How Do You Define “Ready to Retire”?

Some food for thought from the latest Fidelity Investments retirement research survey. The latest report summarizes their findings when asking people to assess their own retirement readiness. What may surprise you is that for many a readiness to retire has less to do with having enough money to do so.

The graphic below illustrates a few myths countered by what the survey found in reality most people think about retirement. The key takeaway of the entire survey for me is that while being financially prepared is key, equally as important is making sure you’re ready mentally as well. What do want your retirement to look like? And if you’re sharing that time with your spouse, do you have similar ideas about your retirement? Formulating answers to such questions is just as integral to your well-being in retirement as running the numbers.


When will you be ready to retire? Particularly if retirement is still far away, you’re probably thinking in terms of dollars—how many you will have and how long they will last. But new research finds that for many people, the decision to retire is not just about money. It’s about life, and the freedom to enjoy it.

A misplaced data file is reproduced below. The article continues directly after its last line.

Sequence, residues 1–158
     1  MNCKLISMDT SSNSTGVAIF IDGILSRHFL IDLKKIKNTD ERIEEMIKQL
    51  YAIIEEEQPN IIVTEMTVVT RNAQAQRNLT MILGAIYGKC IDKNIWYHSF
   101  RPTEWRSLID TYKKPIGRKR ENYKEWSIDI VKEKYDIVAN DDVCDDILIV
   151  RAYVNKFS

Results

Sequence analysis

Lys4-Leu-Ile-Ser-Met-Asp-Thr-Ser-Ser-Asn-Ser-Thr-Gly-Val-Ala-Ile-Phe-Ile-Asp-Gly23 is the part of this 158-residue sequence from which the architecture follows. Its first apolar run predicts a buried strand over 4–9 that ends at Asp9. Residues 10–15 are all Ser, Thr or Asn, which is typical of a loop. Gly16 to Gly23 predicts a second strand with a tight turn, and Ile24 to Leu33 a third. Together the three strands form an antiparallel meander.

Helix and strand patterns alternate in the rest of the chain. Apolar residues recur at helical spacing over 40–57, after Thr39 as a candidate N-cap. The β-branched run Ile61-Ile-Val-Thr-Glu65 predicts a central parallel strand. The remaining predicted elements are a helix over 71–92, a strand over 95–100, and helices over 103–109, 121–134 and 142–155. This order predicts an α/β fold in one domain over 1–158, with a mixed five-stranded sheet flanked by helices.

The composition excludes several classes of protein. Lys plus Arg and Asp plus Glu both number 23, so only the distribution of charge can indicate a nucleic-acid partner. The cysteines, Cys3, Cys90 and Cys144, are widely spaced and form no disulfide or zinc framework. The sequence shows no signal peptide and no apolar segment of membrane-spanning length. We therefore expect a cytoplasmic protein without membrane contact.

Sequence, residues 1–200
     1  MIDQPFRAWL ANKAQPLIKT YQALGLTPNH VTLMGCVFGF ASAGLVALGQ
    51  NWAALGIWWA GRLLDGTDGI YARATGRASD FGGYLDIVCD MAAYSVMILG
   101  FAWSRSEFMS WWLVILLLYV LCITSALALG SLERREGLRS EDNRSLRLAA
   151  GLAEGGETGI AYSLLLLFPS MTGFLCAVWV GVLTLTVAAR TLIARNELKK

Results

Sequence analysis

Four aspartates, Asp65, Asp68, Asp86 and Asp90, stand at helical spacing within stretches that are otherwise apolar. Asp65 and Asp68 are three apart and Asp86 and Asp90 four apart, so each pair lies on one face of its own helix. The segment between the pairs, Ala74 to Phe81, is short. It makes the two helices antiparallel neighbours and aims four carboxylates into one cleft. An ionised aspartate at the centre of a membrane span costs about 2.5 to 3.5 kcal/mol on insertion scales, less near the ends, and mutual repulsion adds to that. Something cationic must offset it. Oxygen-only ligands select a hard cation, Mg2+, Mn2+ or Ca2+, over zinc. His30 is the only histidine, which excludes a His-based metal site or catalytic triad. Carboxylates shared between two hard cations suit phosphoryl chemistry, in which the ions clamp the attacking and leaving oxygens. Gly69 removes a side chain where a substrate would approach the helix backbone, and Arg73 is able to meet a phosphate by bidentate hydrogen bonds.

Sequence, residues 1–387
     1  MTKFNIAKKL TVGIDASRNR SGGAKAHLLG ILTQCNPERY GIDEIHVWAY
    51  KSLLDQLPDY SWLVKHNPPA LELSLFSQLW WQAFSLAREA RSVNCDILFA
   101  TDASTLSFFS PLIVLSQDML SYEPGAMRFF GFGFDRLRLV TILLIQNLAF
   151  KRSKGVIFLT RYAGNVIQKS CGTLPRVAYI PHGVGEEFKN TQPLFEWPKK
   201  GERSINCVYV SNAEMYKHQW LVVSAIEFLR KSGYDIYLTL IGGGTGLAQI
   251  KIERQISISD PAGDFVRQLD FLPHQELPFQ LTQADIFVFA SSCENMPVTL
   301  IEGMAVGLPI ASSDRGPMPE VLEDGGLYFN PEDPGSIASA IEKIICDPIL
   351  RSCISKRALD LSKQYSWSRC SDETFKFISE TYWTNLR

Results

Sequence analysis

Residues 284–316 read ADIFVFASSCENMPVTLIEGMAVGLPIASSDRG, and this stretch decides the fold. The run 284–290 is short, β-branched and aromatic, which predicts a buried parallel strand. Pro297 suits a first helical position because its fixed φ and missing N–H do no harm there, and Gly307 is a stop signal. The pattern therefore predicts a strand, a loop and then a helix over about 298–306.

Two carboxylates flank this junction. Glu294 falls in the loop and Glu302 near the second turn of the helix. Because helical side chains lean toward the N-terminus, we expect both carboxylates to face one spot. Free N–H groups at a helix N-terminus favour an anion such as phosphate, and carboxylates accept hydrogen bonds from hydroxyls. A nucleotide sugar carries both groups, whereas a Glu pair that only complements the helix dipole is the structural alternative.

That’s the conclusion of an extensive survey of 9,372 pre-retirees, 2,293 retirees, and 451 people who never plan to retire, conducted by Fidelity Investments in collaboration with the Stanford Center on Longevity and Greenwald & Associates in August 2015. The survey only included respondents who believed they had some control over if and when they would stop working full-time.
While financial and work-related factors are the primary reasons people continue to work, with eligibility for Medicare and Social Security as key factors, the survey also finds that it’s often nonfinancial factors like family, health, and lifestyle that ultimately cause people to pull the trigger to retire. Among retirees, 72% chose leisure as a very or somewhat strong reason to retire: 64% pointed to stress at work and 62% cited a desire to spend more time with grandchildren.
“There seems to be a values shift as people near retirement,” says Stanford’s Steve Vernon. “Even if they haven’t reached their retirement goal in dollar terms, many seem to desire freedom over money.” Some 80% of both pre-retirees and recent retirees in Fidelity’s survey view retirement as a new stage of life. Most say they look forward to the freedom that retirement brings. Says Vernon, “It’s the first time many can actually breathe and live life.”

For the full report, click here: